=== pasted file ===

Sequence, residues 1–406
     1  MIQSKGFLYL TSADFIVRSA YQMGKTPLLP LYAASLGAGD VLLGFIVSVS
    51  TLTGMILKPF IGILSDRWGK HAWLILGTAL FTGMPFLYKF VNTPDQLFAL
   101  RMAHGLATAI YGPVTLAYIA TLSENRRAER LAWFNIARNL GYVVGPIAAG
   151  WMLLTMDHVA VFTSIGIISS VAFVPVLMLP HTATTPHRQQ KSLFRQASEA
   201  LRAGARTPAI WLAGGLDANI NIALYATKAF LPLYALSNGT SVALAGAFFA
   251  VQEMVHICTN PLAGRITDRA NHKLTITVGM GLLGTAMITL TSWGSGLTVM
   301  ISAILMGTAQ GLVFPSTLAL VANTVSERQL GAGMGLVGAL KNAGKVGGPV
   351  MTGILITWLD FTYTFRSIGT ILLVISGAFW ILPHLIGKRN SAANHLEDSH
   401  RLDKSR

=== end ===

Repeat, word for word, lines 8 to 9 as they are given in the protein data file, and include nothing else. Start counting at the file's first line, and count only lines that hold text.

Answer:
   301  ISAILMGTAQ GLVFPSTLAL VANTVSERQL GAGMGLVGAL KNAGKVGGPV
   351  MTGILITWLD FTYTFRSIGT ILLVISGAFW ILPHLIGKRN SAANHLEDSH